Thomas v FC of T 72 ATC 4094 and Case K9,
78 ATC 98. In Thomas, Walsh J, at 4099-4100 said:

``... There is no doubt that the appellant's chief occupation was the practising of his profession and that the tree farming, if it had a business character, was relatively of minor importance both as to the time devoted to it and as to the returns to be expected from it. But a man may carry on a business although he does so in a small way. In my opinion the appellant's activities in growing the trees ought not to be found to have been carried on merely for recreation or as a hobby. I leave out of account the pine trees, the

ATC 2024

growing of which did not have, I think, a significant commercial purpose or character. But the appellant in planting the avocado pear trees and the macadamia nut trees set out to grow them on a scale that was much greater than was required to satisfy his own domestic needs and he expected upon reasonable grounds that their produce would have a ready market and would yield, if the trees became established, a financial return which would be of a significant amount, with a relatively small outlay of time and money and that this return would continue for a very long time. In these circumstances I think it is proper to find, and I do find, that he set out to engage in producing the pears and the nuts as a business and that he was in the tax year carrying on that business, which was a business of primary production.''

I also note the remarks of Fairleigh Q.C. (Board of Review Member) in Case K9, where he said:

At 102:

``The `purpose' as shown by Thomas has to be to carry on activities which have a significant commercial character.''

At 103-104:

``... the conduct of a venture in a businesslike way is not decisive of the question in issue, though it is important.


... The fact that a property will be incapable of ever providing fair monetary returns for the orchardist, dairy farmer, grazier, oyster- bed lessee, etc., who conducts it as a full- time or part-time occupation is but one of many factors for consideration (cf. the financial position of the coffee shop proprietor in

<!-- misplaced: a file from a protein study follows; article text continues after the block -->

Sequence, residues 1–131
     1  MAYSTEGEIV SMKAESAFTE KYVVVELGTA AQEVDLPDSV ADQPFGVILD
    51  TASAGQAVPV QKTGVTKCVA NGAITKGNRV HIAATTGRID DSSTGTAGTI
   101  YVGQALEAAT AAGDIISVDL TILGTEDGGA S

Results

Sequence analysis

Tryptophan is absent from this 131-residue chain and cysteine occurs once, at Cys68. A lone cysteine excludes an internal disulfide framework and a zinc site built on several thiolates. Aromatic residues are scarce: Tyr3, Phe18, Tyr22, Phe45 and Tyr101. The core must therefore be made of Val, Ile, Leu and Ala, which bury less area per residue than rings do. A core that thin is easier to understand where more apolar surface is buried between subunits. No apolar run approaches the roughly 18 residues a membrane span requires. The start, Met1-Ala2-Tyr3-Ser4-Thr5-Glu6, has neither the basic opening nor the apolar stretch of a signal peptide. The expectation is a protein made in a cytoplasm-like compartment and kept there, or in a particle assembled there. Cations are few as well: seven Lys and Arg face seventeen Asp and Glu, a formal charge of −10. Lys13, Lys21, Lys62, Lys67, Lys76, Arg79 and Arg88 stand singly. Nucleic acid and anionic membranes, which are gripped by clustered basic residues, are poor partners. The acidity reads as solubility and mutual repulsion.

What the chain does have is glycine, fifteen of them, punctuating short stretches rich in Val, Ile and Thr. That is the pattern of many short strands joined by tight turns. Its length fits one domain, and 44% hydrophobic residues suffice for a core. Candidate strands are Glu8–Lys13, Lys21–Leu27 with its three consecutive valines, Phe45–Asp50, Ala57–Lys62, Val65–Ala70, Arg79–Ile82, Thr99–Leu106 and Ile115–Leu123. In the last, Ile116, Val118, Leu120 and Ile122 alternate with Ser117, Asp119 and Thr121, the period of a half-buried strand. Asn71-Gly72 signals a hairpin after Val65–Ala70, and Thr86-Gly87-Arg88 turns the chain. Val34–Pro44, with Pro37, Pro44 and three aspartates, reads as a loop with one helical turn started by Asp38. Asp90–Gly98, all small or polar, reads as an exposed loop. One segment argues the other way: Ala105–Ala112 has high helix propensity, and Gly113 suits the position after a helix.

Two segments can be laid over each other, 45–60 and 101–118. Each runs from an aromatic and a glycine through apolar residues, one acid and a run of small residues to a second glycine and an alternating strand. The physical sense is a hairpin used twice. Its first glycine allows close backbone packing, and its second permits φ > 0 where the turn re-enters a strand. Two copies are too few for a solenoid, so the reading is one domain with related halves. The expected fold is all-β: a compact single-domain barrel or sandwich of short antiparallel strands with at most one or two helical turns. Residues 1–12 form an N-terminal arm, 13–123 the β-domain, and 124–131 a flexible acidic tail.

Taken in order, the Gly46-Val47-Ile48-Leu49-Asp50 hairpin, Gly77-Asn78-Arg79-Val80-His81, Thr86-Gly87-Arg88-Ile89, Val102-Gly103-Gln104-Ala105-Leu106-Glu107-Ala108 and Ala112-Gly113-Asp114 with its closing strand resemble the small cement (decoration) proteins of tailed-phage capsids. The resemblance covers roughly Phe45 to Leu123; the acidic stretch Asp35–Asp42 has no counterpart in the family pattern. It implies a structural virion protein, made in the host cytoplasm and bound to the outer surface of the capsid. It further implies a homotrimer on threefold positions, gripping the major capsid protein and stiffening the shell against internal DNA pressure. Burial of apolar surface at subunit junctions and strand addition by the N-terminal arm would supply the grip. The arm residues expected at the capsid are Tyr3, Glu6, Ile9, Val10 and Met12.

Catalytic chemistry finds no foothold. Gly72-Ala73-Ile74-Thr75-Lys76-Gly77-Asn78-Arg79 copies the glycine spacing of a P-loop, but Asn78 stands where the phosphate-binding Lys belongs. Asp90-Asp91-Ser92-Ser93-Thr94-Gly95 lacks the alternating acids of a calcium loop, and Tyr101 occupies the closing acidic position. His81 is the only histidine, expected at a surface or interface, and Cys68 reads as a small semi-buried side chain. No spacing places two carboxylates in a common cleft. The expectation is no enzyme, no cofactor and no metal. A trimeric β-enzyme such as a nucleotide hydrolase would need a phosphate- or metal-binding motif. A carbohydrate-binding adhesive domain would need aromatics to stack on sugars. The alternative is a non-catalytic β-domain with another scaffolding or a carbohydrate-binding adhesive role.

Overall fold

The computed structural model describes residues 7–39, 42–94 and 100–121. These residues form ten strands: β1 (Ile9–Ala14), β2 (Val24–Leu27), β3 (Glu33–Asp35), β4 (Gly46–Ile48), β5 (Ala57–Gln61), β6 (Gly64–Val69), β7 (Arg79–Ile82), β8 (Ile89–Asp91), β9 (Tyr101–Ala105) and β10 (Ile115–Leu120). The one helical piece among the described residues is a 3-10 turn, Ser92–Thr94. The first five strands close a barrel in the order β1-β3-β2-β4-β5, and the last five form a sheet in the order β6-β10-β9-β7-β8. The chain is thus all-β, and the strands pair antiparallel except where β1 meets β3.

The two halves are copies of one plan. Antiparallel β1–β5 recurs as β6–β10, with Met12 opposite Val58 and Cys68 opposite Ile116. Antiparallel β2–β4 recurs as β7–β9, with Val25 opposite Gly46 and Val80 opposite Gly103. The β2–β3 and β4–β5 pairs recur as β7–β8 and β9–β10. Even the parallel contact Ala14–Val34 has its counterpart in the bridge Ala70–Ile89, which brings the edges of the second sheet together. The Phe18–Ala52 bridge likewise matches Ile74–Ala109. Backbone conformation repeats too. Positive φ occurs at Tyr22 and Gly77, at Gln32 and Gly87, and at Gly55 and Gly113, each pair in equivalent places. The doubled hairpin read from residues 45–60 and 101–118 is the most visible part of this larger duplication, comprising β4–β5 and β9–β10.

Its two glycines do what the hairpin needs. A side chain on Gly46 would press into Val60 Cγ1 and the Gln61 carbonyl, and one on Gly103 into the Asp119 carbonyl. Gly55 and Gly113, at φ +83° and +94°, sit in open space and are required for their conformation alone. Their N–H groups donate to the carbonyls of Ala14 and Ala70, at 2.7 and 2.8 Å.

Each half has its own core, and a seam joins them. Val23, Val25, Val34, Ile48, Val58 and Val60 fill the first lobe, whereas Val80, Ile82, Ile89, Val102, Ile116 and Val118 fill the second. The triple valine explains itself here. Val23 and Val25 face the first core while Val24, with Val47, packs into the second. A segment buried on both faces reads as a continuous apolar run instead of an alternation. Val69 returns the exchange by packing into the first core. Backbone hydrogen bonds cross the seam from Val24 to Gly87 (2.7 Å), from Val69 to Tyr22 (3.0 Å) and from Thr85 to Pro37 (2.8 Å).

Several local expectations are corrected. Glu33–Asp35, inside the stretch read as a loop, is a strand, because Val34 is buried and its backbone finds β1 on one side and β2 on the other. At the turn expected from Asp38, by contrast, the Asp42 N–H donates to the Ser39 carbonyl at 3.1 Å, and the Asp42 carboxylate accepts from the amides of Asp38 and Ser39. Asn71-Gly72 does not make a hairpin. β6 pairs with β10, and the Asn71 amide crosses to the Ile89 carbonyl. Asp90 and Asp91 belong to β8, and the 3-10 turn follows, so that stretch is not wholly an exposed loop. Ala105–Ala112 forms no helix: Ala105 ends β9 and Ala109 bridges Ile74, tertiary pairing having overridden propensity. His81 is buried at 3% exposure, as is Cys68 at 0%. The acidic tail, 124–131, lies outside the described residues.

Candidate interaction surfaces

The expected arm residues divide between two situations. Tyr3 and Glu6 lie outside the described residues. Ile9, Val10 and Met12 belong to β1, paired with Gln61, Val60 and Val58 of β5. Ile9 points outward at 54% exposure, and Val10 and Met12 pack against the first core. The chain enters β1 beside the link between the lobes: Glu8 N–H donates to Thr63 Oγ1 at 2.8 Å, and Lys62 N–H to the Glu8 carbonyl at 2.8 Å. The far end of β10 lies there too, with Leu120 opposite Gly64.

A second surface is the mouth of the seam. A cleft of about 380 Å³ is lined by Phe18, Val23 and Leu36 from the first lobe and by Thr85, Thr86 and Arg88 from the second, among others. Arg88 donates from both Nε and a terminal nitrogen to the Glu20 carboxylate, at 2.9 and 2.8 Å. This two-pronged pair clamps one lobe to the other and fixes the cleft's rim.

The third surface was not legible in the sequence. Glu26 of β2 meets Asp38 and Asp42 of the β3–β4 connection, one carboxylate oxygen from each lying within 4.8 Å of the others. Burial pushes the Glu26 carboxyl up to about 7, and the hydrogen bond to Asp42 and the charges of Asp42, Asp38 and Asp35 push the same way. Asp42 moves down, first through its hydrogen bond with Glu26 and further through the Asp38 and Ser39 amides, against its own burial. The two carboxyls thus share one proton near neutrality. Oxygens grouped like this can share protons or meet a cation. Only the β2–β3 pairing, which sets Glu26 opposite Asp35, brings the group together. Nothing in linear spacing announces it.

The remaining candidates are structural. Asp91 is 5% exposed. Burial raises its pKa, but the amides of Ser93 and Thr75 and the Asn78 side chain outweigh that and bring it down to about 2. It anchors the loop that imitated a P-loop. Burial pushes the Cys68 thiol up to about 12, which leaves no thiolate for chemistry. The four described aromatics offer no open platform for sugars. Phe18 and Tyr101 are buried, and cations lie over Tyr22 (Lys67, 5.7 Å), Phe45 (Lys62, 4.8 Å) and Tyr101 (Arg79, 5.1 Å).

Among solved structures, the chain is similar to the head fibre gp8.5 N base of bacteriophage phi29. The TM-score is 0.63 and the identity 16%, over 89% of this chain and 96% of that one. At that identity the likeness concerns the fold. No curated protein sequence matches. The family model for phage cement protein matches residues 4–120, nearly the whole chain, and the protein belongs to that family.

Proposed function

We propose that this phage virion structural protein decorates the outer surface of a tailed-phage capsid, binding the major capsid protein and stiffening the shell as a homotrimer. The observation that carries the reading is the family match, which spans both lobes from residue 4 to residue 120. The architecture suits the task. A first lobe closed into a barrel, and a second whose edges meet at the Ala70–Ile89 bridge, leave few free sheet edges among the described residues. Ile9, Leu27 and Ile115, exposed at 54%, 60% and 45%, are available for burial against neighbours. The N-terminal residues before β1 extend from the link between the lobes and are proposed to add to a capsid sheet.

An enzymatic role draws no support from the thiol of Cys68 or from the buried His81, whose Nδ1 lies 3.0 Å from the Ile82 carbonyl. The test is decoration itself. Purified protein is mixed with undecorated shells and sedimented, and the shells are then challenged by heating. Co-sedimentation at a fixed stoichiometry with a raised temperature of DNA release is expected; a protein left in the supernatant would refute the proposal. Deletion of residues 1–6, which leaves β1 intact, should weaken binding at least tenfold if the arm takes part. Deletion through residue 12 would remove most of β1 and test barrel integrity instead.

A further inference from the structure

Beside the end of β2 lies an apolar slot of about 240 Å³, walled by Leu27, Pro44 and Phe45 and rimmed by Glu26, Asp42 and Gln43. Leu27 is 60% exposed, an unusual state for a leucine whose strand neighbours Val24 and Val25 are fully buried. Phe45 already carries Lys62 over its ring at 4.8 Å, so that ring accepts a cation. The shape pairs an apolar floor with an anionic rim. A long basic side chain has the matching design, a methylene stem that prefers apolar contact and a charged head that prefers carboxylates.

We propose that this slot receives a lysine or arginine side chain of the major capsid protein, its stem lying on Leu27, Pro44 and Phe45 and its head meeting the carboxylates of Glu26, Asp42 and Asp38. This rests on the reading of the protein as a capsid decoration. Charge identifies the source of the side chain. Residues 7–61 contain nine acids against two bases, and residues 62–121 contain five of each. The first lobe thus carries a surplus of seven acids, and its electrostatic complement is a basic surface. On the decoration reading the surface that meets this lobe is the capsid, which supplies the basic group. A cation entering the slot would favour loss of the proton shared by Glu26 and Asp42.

The Commonwealth v Reeve (1949) 78 C.L.R. 410). If the activities carried on have the indicia of a business (e.g., a significant commercial purpose or character) it is of little consequence that despite continuance for many years a profit has not been shown and none is presently envisaged.''

9. I find that in the case of Mr. Crees and his wife:

10. It would be a most unusual business operator who would expend large amounts of money and labour, for more than ten years, on a business which was unlikely to ever cover the expenditure and even if it did, was not likely to give a reasonable return for effort. Under the circumstances I find that the orchid growing enterprise of Mr. Crees does not have a significant commercial character and that, therefore, it does not amount to a business of primary production.

11. As far as the additional amounts for penalty and interest are concerned, I find that, at the very least, it was very ambitious of Mr. Crees to attempt to claim that his operation was a business and not merely a hobby. The penalties should remain.

12. The decisions which disallowed objections to amended assessments for the income tax years ending 30 June 1995, 1996 and 1997, are affirmed.